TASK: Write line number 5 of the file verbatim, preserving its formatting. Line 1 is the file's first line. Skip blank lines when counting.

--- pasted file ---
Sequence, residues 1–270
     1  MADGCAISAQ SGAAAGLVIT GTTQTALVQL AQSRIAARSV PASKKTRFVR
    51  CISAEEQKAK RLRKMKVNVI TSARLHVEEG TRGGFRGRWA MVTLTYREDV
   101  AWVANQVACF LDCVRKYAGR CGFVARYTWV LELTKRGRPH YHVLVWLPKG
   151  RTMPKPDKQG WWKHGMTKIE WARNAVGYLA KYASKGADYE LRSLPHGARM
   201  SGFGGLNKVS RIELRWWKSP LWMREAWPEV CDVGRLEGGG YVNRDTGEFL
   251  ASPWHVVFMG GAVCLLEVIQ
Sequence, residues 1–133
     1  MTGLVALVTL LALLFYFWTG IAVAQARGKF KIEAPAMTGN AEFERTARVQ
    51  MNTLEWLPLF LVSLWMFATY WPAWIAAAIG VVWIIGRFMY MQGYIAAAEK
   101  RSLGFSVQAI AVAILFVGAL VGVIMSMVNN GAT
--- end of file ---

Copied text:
   151  RTMPKPDKQG WWKHGMTKIE WARNAVGYLA KYASKGADYE LRSLPHGARM